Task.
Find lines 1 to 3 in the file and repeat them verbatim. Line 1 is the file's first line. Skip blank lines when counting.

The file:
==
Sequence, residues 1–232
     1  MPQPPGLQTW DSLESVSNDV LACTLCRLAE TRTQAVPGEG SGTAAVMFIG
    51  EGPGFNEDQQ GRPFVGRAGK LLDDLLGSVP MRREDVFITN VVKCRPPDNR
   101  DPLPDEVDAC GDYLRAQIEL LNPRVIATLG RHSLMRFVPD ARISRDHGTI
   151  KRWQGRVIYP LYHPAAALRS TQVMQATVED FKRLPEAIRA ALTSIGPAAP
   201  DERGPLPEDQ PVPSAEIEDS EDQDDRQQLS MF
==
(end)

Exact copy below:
Sequence, residues 1–232
     1  MPQPPGLQTW DSLESVSNDV LACTLCRLAE TRTQAVPGEG SGTAAVMFIG
    51  EGPGFNEDQQ GRPFVGRAGK LLDDLLGSVP MRREDVFITN VVKCRPPDNR